America's loose "honor system" in voting is no longer viable, assuming it ever was. For decades we joked about the cemetery precincts in Chicago and elsewhere, and how statewide elections in Illinois were basically a battle between the elder Mayor Richard Daley, a Democrat, and the downstate Republicans as to who could do the best job of fictionalizing the vote count. But they were seen as anomalies.
The ongoing controversy over President Obama's universal female-contraception entitlement decree reportedly found Vice President Joseph R. Biden, Defense Secretary Leon E. Panetta, former Chief of Staff Richard Daley and five Democratic senators opposing Mr. Obama's fusillade against religious liberty and economic freedom.
You have the right to remain stupid, and what you say and do can and will be used against you in the court of public opinion. Unfortunately, the court of public opinion is expanding into a stupid-is-as-stupid-does joke. And it has a president and gang of thieves in the United States government to represent it.
This fall, while other universities pursue a national pigskin championship, the free-market "Chicago Boys" of the University of Chicago will face off against that "progressive" economic team from City Hall - the "Cronies."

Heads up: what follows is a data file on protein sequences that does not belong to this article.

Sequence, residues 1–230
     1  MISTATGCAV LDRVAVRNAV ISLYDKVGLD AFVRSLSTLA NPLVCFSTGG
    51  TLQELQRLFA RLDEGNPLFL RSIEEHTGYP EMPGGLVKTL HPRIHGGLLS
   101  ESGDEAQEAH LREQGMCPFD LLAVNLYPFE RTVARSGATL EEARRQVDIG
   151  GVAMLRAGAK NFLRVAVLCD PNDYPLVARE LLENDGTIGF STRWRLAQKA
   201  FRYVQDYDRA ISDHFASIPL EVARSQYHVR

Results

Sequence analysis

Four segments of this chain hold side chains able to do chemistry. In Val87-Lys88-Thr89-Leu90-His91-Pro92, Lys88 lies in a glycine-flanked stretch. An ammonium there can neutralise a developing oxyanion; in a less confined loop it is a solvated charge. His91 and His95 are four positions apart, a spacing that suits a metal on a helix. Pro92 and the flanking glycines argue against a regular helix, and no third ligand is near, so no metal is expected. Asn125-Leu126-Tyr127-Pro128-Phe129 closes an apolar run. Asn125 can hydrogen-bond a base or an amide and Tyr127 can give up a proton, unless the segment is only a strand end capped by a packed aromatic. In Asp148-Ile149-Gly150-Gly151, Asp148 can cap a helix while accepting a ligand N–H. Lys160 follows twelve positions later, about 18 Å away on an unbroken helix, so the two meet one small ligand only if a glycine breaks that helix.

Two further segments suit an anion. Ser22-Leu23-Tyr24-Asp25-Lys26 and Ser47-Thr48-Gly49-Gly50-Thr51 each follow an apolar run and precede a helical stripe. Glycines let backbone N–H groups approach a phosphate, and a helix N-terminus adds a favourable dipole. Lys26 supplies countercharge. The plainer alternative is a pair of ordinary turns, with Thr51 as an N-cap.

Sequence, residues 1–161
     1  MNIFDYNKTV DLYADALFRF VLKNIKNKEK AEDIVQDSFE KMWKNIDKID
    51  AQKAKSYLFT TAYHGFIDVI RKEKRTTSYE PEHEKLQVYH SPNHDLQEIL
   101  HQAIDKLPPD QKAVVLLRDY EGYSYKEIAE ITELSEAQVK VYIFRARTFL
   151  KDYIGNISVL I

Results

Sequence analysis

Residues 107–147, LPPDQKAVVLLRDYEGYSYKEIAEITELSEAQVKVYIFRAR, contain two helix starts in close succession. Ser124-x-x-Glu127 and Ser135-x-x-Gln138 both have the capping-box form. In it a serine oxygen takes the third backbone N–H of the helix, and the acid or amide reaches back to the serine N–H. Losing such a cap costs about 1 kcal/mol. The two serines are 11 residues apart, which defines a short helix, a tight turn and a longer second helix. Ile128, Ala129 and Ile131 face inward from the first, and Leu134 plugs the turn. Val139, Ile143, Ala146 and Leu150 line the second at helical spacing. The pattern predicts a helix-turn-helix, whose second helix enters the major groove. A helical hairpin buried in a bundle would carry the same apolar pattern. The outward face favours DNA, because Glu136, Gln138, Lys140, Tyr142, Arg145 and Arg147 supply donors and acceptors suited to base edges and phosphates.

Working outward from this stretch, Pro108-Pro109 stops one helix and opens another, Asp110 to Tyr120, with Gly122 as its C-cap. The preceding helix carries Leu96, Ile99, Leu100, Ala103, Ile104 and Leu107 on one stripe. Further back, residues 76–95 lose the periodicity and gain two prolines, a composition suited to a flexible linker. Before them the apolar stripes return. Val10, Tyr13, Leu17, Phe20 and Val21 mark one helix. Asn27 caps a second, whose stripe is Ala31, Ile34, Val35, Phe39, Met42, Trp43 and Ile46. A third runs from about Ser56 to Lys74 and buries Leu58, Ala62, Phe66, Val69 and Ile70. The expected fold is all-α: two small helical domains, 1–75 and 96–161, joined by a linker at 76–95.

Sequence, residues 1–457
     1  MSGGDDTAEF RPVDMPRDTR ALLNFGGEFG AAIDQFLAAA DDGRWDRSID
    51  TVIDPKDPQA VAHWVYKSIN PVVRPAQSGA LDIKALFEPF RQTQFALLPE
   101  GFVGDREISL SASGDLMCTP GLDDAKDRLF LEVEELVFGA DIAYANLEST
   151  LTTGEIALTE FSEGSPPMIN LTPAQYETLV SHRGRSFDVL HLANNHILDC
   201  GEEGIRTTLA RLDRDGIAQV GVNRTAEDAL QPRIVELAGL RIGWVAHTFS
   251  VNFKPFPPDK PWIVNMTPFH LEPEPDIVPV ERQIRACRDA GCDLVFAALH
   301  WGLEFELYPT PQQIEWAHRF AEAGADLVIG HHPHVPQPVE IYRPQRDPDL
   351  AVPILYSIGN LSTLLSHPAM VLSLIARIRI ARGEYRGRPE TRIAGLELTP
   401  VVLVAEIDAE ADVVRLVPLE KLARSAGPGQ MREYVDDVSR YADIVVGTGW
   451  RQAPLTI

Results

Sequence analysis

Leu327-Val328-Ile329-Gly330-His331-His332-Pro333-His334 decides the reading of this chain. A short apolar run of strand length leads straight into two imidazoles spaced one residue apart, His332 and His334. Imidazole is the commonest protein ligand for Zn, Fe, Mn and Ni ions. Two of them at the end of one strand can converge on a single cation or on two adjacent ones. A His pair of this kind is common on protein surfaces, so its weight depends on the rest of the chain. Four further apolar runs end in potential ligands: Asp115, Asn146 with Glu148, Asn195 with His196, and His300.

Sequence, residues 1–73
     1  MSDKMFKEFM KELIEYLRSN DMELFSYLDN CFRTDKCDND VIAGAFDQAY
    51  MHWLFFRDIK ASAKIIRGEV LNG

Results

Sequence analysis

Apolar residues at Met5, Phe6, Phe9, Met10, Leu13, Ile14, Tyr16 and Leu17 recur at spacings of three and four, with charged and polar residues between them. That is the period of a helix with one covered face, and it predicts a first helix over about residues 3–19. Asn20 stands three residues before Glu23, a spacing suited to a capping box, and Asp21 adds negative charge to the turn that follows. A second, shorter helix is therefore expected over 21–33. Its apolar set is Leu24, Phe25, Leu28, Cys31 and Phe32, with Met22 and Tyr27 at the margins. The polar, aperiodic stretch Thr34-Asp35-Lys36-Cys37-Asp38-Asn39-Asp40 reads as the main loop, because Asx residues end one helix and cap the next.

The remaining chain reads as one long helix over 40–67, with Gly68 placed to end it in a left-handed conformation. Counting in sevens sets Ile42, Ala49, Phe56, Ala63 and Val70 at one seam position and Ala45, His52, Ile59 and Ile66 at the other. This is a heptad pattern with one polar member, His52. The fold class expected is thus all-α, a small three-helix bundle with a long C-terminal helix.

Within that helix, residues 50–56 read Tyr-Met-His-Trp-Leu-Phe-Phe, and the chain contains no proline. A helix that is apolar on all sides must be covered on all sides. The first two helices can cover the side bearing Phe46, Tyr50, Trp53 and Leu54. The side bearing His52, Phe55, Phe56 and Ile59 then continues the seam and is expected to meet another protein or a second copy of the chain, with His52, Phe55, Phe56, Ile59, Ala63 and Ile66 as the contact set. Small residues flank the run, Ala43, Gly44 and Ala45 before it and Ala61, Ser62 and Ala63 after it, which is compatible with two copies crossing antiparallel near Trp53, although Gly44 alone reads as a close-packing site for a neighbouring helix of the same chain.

Chicago Mayor Richard Daley's decision to not run for another term prompted a call from someone else who's famous name is synonymous with the nation's third-largest city: Oprah Winfrey.
Traditionalism [is] one of the things that makes Afghanistan so hard for Americans to understand. We Americans have so many traditions. For instance, our political traditions date back to the 12th-century English Parliament, if not to the Roman Senate.
There is talk that his hair is speckled with worrisome gray and that the daily tide of public opinion polls is a welter of White House negativity. Though the hope-and-change era appears to have waned in the U.S., it's still bright elsewhere, apparently.
Chicago Mayor Richard Daley says he's not running for re-election after more than 20 years in office.
Texas House officials criticized one of their own members Tuesday for billing both his campaign and taxpayers for the same travel expenses, saying the reimbursements might prompt an internal investigation, criminal probe or both.